Sign up ×
Stack Overflow is a community of 4.7 million programmers, just like you, helping each other. Join them; it only takes a minute:

I just started testing, but it doesn't seem to capture any output (Console, Debug, Trace), as I would have expected.

Is that possible? I am using a sample .NET 4.0 class-library with xUnit 1.8.

share|improve this question

3 Answers 3

up vote 8 down vote accepted

In general, it's a bad road to go down to be reliant on logging and tests. The pass/fail should be the outcome of the tests. And they simply shouldn't get to the stage where there's enough stuff going on that looking at a trace will be necessary.

The xunit.gui.exe shows Console and Trace output, xunit.console.exe does not. If it's important, you could hook up a TraceListener which redirects to a file by making appropriate standard .NET config entries (Theres' a FileWriterTraceListener which you should be able to hook in if you google it).

share|improve this answer
Thank you for your response. I was using xunit.console.exe. I am aware that it is not a good solution, and it wasn't really the intended use. The reason I needed it was to debug some string operations while creating a new class using TDD. – kfuglsang Aug 23 '11 at 12:04
I personally would just set xunit.console.exe as the startup project in the debugger in that case. BTW TeamCity and other similar run environments do pick up test output as you're looking for – Ruben Bartelink Aug 23 '11 at 12:47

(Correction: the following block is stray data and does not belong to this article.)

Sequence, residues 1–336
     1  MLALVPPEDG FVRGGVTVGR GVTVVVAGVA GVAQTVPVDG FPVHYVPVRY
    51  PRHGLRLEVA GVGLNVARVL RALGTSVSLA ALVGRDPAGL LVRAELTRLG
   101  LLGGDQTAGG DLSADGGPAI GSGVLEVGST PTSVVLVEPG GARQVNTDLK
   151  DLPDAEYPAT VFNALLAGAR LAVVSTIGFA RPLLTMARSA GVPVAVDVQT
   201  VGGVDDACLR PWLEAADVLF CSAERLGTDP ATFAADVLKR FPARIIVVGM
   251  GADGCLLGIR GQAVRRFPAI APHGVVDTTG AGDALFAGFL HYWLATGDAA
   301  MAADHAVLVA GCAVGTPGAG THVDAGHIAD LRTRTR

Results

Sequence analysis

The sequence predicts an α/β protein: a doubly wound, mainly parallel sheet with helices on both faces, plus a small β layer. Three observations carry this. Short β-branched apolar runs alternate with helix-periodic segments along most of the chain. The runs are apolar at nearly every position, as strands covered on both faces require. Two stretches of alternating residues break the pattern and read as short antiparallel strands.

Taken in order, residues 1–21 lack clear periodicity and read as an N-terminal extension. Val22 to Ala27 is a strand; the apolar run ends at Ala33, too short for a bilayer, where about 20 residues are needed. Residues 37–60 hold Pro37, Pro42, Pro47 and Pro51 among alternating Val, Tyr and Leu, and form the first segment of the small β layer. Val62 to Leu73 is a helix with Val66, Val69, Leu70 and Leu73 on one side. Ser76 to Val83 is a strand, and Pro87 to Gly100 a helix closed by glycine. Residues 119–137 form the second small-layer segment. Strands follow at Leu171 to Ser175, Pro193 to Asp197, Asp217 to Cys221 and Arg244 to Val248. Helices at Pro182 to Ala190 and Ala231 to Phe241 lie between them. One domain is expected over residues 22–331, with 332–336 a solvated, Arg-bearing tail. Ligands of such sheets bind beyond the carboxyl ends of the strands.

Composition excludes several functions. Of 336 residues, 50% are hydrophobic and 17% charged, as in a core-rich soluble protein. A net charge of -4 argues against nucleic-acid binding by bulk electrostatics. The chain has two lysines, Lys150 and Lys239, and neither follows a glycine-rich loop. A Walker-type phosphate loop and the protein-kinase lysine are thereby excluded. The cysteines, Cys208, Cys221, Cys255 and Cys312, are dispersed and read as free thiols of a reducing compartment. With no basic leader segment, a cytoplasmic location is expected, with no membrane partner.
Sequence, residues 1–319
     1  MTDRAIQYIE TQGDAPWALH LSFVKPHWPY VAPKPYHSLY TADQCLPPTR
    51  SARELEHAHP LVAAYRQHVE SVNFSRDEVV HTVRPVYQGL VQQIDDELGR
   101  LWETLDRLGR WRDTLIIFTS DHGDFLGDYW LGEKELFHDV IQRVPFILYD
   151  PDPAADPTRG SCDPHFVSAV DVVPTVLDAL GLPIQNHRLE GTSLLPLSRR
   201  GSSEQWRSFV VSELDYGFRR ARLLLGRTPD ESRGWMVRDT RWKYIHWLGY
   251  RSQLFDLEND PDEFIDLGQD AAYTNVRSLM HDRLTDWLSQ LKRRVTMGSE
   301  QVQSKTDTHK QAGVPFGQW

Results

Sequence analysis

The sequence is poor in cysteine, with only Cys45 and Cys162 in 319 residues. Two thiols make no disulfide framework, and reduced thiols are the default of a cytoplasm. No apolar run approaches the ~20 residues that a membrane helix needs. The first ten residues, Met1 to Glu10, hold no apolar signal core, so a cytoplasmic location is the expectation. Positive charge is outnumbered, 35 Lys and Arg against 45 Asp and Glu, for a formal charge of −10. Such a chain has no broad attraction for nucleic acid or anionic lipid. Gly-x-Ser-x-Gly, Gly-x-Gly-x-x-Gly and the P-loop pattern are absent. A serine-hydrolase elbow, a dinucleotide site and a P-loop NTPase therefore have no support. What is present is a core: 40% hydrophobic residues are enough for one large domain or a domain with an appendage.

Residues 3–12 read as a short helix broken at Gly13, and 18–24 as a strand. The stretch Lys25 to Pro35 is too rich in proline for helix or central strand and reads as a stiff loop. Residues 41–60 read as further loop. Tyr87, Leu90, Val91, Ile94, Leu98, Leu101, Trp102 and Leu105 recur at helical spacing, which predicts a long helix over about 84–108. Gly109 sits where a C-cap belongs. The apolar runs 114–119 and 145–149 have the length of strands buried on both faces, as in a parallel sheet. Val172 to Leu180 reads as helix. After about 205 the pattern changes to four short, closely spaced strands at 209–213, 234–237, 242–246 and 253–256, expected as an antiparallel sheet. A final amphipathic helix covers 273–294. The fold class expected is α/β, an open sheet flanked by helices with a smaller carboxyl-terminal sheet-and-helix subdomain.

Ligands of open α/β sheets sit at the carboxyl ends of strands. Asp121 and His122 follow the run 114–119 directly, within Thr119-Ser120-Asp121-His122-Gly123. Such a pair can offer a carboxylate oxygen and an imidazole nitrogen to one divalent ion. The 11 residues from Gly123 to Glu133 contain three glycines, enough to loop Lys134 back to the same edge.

@downvoter Why? (BTW in V2, there's planned work to stop the data being swallowed...) – Ruben Bartelink Aug 9 '12 at 16:22
"In general, it's a bad road to go down to be reliant on logging and tests." - true, but using Console.Writeline to output stuff WHILE I'm setting up the tests is hugely helpful. Sometimes I'm testing a method and need to see the output of the method (for example if something serialized correctly when doing custom serialization) to insert back into the test to compare against. – Anshul Dec 7 '14 at 16:43

The situation has changed a little with 2. I know the question is about an earlier version, but as people will land here having performed the upgrade, I thought it was worth pointing this out.

In order to see some kind of output in the test output in version 2 you will need to take a dependency in your test class (via a constructor argument) on an instance of ITestOutputHelper, then use the WriteLine method on this interface. E.g.:

public class MyTestSpec
  private readonly ITestOutputHelper _testOutputHelper;

  public MyTestSpec(ITestOutputHelper testOutputHelper)
    _testOutputHelper = testOutputHelper;

  public void MyFact()
    _testOutputHelper.WriteLine("Hello world");

You could choose to hook up your logging framework to this interface, perhaps by injecting an ILog implementation that forwarded all calls to ITestOutpuHelper.

I acknowledge that you won't want to do this by default, but for diagnostic purposes from time to time it can be quite useful. This is especially true where your tests only fail on some cloud based build & test server!

share|improve this answer

There is a solution as found here:

Simply add this to your constructor or method where you want debugging output:

Debug.Listeners.Add(new DefaultTraceListener());
share|improve this answer

Your Answer


By posting your answer, you agree to the privacy policy and terms of service.

Not the answer you're looking for? Browse other questions tagged or ask your own question.